Highlighting the statistic that only 27.9% of Black high school graduates attained a bachelor’s degree in 2019, underscores the striking disparity in higher education outcomes for Black males. Within a discourse on Black Males in College Statistics, such a number provides contemplative insight into the systemic challenges and barriers these individuals may face on their educational journey. This percentage is a call to action for educational institutions, policy makers, and society at large to delve deeply into the root causes and seek effective strategies for greater inclusion and equity in educational attainment. The reality reflected in this statistic carries significant implications for future economic opportunities, social mobility, and personal development, thereby demanding further scrutiny and change.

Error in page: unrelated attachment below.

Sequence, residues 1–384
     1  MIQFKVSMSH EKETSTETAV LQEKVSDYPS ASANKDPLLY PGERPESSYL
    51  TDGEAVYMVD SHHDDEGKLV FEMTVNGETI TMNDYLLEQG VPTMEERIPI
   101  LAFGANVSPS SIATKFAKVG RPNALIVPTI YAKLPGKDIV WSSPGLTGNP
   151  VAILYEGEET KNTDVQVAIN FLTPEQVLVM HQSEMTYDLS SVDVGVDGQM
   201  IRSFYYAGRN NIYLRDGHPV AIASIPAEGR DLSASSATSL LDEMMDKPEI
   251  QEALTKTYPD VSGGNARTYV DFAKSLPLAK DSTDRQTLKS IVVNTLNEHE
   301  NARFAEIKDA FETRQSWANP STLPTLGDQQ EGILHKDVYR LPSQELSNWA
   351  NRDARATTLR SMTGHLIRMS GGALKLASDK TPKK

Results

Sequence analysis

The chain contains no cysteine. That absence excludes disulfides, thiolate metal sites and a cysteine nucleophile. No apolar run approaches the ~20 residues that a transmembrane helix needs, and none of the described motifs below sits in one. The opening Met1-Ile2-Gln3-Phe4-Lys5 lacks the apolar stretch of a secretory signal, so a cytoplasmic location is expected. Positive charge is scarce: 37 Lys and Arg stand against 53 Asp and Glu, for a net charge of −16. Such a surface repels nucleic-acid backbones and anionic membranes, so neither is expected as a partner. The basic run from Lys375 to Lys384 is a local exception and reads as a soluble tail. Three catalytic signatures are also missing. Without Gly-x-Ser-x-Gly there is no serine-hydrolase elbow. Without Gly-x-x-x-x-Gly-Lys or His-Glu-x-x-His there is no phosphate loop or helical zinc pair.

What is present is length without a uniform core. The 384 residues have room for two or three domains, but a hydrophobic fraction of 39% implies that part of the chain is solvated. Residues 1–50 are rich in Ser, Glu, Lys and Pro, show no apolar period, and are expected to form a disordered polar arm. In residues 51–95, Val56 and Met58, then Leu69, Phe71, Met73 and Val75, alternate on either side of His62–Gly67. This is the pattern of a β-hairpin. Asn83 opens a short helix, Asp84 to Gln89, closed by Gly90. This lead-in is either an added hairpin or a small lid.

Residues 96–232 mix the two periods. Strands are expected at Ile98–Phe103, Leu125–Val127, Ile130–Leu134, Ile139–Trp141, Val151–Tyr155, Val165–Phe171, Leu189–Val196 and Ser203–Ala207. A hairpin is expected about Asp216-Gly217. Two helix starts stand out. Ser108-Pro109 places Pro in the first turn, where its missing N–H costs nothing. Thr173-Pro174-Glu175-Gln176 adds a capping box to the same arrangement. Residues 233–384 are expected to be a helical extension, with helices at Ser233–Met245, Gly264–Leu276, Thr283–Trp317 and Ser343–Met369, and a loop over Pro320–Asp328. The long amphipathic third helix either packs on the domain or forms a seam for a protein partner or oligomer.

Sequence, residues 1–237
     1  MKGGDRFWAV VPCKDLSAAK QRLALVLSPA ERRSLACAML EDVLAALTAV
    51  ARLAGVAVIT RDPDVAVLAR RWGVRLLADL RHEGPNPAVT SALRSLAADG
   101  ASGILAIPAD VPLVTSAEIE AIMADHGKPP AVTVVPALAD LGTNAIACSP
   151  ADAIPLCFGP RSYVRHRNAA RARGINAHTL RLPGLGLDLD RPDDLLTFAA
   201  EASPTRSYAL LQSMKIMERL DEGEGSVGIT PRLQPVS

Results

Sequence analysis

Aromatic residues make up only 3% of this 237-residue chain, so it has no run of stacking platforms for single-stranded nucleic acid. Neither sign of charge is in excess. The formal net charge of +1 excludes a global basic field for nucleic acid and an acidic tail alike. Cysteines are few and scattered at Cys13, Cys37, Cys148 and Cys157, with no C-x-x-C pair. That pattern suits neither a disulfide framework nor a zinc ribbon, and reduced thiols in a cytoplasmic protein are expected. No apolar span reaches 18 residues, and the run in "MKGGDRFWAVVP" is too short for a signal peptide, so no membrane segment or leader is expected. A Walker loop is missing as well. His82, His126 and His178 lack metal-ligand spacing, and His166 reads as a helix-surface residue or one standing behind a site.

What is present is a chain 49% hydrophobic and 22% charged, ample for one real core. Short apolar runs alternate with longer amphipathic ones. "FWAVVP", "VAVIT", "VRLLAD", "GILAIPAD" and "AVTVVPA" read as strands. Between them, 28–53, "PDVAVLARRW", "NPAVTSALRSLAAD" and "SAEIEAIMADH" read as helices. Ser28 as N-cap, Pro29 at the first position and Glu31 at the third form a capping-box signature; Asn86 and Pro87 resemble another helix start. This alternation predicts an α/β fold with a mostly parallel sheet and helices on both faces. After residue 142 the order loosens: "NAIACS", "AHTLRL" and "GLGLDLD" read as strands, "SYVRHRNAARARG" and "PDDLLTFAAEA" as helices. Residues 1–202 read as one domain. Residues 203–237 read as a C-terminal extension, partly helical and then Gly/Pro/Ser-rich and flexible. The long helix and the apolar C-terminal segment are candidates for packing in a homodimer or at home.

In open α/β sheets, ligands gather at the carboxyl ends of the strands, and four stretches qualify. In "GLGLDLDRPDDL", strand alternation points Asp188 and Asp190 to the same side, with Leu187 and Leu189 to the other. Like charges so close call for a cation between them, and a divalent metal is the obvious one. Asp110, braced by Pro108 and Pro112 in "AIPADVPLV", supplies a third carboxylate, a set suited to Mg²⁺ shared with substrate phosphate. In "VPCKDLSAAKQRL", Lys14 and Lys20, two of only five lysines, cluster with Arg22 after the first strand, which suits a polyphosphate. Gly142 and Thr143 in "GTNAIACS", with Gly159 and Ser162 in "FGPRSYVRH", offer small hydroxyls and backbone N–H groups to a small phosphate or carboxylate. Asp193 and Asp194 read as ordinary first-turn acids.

Across all degree levels in 2013, Black males made up 34% of awarded degrees to Black students.

Highlighting the statistic that Black males constituted 34% of awarded degrees to Black students across all degree levels in 2013 is a vital touchpoint in the narrative of Black Males in College Statistics. It serves as a testament to the progress in efforts towards educational equality, while underlining the continuing disparity and the task that remains. This figure amplifies the voices of Black males striving in the academic field, pointing out the representation and successes already achieved. Simultaneously, it dispatches a call-to-action to society, policymakers, and educators to focus their resources and efforts in closing the still existent gap, ensuring a more balanced, inclusive academic space.